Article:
One of the interesting things about practicing law is that, until relatively recently, little discussion occurred about how to advance in practice beyond becoming a top-notch practitioner. Other skills have always been required (including, for example, the ability to communicate well and to lead well), and it’s quite clear that more is needed now. Client development skills are critical, certainly, and getting a tremendous amount of press especially in this economy, and the same is true for client service skills.
Yet something else is required beyond client- and practice-centered skills. A lawyer who wants to advance in his career must possess the desire to grow professionally and to serve as a key member of a team, whether that team is staffing a case or running an office/firm. “Managing up,” a concept often discussed with respect to corporate careers but rarely so in law firms, is an important skill in achieving that level of advancement.
“Managing up” may be defined as the strategies and skills that a more junior attorney can apply to develop a strong working and collegial relationship with more senior lawyers. This isn’t a concept limited to associates or to new lawyers, though; it’s something that any lawyer working with a supervising attorney should consider. “Managing up” is applicable for all kinds of law firm work, substantive and administrative.
You’ll recognize some of the aspects of “managing up” as skills and strategies that smart lawyers develop and use. My hope is that by using the term “managing up” to encapsulate them, one concept can be used to describe quickly a variety of behaviors and considerations. Much has been written in the corporate literature about managing up, and it would be impossible for me to write a single article that would cover the subject fully. So, today’s discussion addresses it on a conceptual level, with some concrete ideas and suggestions.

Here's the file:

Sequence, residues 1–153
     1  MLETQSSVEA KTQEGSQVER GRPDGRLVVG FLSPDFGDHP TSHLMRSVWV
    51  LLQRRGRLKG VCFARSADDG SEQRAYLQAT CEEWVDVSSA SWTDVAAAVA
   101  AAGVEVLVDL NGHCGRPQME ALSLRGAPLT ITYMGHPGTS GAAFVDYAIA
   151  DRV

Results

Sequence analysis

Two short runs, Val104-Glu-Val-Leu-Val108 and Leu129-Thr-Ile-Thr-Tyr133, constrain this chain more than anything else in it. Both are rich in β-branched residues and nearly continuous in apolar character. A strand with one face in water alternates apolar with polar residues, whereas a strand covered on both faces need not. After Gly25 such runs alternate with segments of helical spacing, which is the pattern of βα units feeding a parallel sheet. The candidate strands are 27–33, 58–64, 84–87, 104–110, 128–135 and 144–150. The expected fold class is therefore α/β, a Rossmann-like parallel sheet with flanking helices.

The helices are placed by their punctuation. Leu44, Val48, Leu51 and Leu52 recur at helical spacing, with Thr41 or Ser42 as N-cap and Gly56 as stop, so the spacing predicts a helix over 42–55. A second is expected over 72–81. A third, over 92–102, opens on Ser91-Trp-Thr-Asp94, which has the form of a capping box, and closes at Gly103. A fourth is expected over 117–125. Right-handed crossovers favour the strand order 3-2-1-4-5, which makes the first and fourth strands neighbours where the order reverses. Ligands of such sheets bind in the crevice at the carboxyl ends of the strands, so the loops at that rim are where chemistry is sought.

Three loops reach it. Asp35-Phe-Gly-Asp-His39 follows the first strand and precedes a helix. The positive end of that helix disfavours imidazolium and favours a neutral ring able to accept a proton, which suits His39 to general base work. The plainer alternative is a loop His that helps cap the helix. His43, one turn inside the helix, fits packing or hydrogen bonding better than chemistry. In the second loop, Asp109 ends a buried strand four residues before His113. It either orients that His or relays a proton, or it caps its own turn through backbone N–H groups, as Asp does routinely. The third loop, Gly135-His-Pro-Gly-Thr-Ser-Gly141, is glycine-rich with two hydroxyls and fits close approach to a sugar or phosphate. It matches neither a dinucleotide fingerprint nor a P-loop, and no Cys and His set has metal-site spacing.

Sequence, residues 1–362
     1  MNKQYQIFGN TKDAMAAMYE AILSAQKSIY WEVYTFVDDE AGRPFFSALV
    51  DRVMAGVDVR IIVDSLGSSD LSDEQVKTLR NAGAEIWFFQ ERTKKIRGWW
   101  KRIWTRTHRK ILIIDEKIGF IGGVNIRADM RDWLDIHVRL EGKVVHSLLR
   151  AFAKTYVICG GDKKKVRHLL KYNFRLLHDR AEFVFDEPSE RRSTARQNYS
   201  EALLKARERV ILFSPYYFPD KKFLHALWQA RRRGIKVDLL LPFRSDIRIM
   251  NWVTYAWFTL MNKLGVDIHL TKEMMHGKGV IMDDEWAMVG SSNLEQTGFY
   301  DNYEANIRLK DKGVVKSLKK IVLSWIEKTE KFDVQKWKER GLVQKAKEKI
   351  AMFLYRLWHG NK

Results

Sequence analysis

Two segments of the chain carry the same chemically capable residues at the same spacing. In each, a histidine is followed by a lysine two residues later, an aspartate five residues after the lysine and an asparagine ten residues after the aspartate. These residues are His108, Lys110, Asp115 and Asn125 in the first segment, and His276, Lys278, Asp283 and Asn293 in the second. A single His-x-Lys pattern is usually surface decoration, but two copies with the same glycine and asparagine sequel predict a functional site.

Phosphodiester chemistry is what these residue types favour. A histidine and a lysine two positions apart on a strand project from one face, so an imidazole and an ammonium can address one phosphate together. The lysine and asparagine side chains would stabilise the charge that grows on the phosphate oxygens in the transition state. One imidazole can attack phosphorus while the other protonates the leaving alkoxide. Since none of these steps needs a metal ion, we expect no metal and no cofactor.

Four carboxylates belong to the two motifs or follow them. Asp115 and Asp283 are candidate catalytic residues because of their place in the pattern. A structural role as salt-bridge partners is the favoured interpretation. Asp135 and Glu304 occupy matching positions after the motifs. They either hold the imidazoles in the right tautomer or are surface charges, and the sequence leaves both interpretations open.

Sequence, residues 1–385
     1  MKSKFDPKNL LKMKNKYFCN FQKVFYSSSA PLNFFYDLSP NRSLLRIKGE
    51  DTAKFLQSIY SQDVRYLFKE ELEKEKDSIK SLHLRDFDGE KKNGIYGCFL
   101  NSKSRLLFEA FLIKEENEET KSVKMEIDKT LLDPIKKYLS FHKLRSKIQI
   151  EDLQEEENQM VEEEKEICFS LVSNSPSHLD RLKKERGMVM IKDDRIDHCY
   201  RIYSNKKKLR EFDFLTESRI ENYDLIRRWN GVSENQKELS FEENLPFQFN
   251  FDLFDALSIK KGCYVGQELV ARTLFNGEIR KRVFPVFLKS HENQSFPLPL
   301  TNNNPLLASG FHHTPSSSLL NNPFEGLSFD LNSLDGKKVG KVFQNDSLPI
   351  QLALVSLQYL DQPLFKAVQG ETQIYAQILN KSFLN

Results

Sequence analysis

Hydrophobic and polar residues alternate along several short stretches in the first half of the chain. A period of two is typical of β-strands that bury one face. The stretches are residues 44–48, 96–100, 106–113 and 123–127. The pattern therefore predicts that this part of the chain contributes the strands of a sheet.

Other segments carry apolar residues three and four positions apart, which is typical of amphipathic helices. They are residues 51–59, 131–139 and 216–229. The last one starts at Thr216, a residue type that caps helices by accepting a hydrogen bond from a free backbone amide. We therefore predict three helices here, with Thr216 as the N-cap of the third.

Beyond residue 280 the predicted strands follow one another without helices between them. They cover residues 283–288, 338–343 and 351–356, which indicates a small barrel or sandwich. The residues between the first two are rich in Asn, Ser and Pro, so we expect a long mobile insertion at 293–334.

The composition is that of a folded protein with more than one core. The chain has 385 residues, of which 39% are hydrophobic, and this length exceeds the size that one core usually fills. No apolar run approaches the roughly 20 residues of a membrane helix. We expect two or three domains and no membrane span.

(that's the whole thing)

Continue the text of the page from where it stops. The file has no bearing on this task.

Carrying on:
When considering how to “manage up,” one question rises above all others: what will be most helpful in this situation to the supervising lawyer? And that question breaks down into a number of sub-questions, such as:
- What will best serve the client?
- What is the client’s ultimate goal? Think beyond the immediate to what really matters for this client.
- What best serves the supervising lawyer’s style?
- What does the supervising lawyer really need, and will the client pay for that? If not, how can you adapt?
- What does the supervising lawyer need to know?
- How can you advance what the supervising attorney is trying to accomplish?
- What can you do to best contribute to this team in a way that the supervising lawyer will appreciate?
For example, if a litigation client’s ultimate goal is to protect its legal interest while doing minimal damage to an important business relationship, that client will likely approach the litigation differently than if the goal is to cause maximum pain to the other party to force a business outcome. To serve the client, and also to serve the supervising lawyer, most effectively, you need to know about the ultimate goal as well as the immediate goal of the matter at hand, and you need to know at what point the supervising lawyer will be acting from the primary motivation of each goal.
For a quick summary of basic “managing up” strategies, review the table of contents for Michael and Deborah Singer Dobson’s book Managing Up: 59 Ways to Build a Career-Advancing Relationship with Your Boss. I can’t vouch for the book (I haven’t read it), but some of the chapter titles give sound-bite reminders of effective strategies.